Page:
DETROIT, July 24 (UPI) -- A federal judge overruled challenges to Detroit's municipal bankruptcy filing Wednesday, freezing several lawsuits and allowing the case to proceed.
U.S. District Court Judge Steven Rhodes noted in his decision that recent Chapter 9 bankruptcy cases determined the bankruptcy court has jurisdiction to determine eligibility issues raised by creditors.
His decision came after city lawyers argued in a Wednesday hearing that Detroit would be irreparably harmed if retirees were able to block the bankruptcy filing. Retirees and city pension managers claim the filing violates constitutional protections of vested pension benefits, the Detroit News reported.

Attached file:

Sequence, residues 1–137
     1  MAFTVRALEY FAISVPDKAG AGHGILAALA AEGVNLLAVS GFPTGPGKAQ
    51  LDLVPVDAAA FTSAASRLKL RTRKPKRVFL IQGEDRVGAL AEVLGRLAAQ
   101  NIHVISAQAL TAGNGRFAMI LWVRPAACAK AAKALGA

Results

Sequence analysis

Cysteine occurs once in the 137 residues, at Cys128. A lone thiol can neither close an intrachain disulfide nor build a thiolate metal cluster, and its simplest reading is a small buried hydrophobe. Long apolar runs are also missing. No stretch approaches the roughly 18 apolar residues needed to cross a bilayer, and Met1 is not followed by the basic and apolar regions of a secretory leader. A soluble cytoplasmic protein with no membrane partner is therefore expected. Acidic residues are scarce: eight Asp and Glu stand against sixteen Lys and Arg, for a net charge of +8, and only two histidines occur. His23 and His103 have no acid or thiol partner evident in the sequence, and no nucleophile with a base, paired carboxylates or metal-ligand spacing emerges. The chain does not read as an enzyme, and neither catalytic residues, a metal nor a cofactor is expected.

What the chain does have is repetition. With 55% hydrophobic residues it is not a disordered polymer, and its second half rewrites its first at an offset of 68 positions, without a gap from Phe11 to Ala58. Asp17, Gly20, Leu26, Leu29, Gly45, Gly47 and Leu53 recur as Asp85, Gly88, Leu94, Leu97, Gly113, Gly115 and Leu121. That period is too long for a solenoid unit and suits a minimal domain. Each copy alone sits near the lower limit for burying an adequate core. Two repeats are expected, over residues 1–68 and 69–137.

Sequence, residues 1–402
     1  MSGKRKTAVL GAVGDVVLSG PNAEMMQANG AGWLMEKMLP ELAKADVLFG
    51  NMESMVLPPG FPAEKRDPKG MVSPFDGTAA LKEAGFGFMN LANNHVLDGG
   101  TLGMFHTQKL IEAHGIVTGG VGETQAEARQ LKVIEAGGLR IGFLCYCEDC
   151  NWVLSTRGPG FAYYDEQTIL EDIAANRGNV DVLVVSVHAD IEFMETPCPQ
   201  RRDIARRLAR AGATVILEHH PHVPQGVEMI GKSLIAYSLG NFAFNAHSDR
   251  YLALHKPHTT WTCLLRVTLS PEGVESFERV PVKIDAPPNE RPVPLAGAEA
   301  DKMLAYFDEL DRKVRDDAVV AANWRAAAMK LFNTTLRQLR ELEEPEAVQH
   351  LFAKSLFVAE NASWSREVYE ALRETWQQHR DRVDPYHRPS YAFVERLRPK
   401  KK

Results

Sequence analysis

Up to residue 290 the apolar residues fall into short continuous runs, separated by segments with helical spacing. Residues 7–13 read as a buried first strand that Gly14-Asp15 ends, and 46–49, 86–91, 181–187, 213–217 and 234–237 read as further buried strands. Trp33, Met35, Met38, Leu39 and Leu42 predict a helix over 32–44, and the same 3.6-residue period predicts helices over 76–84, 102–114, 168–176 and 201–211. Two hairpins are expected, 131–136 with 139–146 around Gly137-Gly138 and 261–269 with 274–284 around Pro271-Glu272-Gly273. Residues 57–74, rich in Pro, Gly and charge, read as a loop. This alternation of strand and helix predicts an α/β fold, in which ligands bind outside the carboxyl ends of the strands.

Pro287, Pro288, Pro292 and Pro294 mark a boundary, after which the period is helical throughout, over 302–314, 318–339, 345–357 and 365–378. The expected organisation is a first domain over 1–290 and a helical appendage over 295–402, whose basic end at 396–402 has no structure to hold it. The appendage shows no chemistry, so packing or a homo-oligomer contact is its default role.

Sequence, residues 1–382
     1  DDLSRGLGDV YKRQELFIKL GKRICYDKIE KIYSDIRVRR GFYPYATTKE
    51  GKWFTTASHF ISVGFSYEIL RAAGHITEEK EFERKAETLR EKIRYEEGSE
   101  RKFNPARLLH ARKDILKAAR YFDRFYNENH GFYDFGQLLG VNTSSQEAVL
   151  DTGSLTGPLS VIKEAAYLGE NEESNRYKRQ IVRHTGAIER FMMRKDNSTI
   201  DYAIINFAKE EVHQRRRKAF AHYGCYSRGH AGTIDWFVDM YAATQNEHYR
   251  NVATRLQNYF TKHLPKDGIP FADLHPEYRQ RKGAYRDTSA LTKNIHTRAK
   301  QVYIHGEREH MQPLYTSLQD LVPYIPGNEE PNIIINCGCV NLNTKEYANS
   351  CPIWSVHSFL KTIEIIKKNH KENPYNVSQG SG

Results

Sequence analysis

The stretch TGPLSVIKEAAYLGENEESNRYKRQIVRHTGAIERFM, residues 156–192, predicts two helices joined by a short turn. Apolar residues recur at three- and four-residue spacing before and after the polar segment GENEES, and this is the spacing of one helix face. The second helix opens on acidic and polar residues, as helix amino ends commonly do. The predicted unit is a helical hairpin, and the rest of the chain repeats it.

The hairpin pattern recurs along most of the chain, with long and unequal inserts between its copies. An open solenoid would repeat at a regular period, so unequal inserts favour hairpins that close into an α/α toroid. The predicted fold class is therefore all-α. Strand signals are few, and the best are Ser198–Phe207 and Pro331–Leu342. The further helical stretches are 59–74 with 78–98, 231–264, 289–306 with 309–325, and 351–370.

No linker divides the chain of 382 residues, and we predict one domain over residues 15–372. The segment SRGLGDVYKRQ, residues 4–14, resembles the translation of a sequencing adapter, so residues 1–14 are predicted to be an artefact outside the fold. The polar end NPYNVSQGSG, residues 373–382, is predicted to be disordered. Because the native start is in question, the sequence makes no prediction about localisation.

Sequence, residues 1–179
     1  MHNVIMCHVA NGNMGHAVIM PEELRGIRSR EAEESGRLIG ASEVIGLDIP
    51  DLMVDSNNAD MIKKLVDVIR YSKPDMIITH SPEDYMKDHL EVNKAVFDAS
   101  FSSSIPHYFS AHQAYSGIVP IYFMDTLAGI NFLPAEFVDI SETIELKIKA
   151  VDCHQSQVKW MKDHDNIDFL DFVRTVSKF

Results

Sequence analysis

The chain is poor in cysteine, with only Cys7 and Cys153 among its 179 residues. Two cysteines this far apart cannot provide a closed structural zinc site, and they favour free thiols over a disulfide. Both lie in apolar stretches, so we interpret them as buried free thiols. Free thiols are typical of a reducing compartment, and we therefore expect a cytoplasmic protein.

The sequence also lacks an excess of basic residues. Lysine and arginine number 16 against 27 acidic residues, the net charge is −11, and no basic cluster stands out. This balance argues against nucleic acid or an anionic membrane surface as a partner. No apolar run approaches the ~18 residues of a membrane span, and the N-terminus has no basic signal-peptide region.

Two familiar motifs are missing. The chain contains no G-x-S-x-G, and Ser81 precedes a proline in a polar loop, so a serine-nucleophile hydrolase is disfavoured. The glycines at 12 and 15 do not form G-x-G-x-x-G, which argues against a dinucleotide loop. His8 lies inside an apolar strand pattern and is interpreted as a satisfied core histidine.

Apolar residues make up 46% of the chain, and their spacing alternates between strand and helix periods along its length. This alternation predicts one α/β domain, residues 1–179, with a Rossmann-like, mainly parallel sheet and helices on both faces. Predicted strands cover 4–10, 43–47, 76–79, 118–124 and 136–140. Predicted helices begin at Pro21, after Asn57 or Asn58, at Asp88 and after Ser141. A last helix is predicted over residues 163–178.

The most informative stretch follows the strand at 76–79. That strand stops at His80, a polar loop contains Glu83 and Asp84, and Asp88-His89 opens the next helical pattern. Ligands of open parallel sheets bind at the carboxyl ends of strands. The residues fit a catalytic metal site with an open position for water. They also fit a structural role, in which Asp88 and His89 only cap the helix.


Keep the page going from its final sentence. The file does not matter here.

Lawyers sparred for 2 hours in a hearing, with city lawyer Heather Lennox arguing the city would be "prevented from accessing necessary protections" of a Chapter 9 filing if three lawsuits filed in by retirees in state court continue and if the bankruptcy proceeding is halted.
Municipal workers' lawyers argued the filing is flawed because it is designed to reduce retiree pension benefits, the newspaper reported. The bankruptcy is an attempt to override state constitutional guarantees protecting vested pension benefits, said Sharon Levine, an attorney for a union that represents city employees.
Detroit filed for bankruptcy protection last week, claiming over $18 billion in debts.
More than 175 lawyers, representing both sides, were present at the hearing Wednesday, the Detroit Free Press noted.